BACKGROUND: Intraprostatic inflammation has been associated with lower urinary tract symptom (LUTS) progression. However, prior studies used tissue removed for clinical indications, potentially skewing inflammation extent or biasing the association. We, therefore, evaluated inflammation and LUTS incidence and progression in men who underwent biopsy of the prostate peripheral zone irrespective of indication. MATERIALS AND METHODS: We developed nested case–control sets in men in the placebo arm of the Prostate Cancer Prevention Trial who were free of clinical BPH and had a protocol-directed year 7 biopsy. Cases had baseline IPSS <15 and year 7 IPSS of 8–14 (low, N = 47), 15–19 (incident moderate, N = 42), or ≥20 (incident high, N = 44). Controls had baseline and year 7 IPSS <8 (N = 41). For progression from IPSS <8, cases had baseline to year 7 IPSS slope >75th percentile (N = 46) and controls had a slope <25th percentile (N = 45). For progression from IPSS = 8–14, cases had a slope >75th percentile (N = 46) and controls had a slope <25th percentile (N = 46). We reviewed three H&E-stained biopsy cores per man to determine prevalence of ≥1 core with inflammation and mean extent (%) of tissue area with inflammation. RESULTS: Inflammation prevalence in low cases (64%) was similar to controls (66%), but higher in moderate (69%) and high (73%) cases (P-trend = 0.4). Extent did not differ across LUTS categories (P-trend = 0.5). For progression from IPSS < 8, prevalence (65%, P = 0.9) and extent (2.5%, P = 0.8) in cases did not differ from controls (64%, 2.7%). For progression from IPSS 8–14, prevalence in cases (52%) was lower than in controls (78%, P = 0.009), while extent was higher in cases (5.3%) than controls (3.6%), especially in men with ≥1 core with inflammation (10.1% versus 4.6%, P = 0.06). CONCLUSION: Peripheral zone intraprostatic inflammation is not strongly associated with LUTS incidence or progression. Prostate 76:1399–1408, 2016.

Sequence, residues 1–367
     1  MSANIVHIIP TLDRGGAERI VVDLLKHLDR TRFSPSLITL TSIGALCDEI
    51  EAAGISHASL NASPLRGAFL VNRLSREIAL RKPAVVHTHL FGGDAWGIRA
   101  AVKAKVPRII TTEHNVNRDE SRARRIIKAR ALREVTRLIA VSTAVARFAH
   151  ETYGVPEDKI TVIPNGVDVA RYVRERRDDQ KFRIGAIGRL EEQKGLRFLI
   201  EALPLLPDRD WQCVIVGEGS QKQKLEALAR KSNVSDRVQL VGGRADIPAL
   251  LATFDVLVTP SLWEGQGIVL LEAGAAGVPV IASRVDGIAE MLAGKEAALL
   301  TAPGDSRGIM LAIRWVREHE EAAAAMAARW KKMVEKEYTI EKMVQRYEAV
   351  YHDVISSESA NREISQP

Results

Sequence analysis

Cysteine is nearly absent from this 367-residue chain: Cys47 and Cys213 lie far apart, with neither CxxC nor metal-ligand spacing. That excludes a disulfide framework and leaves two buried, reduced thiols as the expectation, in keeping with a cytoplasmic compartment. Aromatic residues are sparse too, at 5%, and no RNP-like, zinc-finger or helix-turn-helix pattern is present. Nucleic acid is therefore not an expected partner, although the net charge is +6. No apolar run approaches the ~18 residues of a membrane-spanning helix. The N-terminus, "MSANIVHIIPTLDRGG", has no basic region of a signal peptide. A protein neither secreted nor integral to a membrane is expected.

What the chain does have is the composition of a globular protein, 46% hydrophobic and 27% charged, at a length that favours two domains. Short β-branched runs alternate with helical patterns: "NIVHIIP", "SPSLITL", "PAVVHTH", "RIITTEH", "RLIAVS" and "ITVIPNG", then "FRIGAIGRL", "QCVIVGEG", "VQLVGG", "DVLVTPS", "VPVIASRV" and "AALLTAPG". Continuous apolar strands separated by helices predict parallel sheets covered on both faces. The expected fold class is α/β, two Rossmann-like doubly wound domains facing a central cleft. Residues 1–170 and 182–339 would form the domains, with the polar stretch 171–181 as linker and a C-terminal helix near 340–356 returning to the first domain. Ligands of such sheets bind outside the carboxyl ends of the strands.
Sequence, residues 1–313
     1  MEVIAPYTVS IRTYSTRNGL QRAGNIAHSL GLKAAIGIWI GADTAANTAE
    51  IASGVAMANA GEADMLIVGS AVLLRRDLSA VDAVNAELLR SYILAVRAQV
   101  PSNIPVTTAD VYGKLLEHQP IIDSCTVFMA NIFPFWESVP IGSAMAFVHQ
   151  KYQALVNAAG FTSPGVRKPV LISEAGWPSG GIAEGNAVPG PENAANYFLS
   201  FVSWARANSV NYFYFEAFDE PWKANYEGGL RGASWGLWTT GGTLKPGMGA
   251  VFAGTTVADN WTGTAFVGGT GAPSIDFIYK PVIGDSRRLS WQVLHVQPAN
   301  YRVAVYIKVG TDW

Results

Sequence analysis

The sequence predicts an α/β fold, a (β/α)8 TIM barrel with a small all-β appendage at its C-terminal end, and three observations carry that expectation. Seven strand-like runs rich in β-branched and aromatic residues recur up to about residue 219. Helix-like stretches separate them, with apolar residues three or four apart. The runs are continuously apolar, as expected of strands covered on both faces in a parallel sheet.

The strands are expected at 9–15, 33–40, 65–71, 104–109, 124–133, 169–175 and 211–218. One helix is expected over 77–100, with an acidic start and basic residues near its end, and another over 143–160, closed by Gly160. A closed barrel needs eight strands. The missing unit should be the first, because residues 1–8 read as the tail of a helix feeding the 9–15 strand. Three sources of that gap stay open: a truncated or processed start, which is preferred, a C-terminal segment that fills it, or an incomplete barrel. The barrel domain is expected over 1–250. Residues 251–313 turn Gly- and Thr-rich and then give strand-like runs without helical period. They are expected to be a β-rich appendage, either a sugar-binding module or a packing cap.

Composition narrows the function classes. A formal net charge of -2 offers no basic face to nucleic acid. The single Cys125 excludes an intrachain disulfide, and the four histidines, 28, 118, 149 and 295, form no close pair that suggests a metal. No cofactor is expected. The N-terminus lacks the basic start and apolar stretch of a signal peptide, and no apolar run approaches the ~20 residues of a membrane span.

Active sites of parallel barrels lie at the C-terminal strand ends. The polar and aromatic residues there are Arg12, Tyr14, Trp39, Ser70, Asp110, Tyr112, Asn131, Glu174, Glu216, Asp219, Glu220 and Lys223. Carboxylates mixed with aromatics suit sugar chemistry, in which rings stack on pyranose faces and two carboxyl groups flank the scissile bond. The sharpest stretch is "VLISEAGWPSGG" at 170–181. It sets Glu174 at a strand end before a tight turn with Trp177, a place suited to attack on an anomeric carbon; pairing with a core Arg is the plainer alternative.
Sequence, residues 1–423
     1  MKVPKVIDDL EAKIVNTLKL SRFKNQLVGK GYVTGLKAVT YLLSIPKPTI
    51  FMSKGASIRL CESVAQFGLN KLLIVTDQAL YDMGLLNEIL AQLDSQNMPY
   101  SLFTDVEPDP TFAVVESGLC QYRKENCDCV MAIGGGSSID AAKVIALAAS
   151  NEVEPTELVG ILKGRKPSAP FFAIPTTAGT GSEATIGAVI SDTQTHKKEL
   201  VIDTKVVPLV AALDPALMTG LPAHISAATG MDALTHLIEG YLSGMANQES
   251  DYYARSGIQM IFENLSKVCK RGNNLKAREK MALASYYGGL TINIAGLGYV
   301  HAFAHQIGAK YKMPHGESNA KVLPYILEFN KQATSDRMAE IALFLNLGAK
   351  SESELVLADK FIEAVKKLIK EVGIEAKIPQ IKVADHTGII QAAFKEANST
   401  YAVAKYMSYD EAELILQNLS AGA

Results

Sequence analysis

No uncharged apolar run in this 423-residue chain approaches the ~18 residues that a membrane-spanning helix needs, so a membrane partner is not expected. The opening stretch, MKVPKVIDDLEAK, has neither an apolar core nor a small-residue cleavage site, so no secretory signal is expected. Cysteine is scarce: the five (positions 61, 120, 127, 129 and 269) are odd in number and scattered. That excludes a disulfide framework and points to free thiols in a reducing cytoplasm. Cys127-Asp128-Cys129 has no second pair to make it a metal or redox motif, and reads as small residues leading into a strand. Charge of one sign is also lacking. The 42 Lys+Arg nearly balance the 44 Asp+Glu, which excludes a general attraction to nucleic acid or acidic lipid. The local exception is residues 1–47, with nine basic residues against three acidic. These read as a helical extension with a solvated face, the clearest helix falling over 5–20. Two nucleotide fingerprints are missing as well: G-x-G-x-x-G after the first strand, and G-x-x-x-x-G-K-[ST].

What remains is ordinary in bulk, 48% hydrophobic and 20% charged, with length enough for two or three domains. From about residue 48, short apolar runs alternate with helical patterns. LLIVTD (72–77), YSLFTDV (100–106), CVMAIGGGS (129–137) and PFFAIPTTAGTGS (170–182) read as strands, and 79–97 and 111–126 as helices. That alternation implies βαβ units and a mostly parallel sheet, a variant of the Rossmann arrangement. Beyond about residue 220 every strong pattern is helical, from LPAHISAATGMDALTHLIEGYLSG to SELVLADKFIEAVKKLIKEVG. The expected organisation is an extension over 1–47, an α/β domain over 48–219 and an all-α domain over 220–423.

- lower urinary tract symptoms
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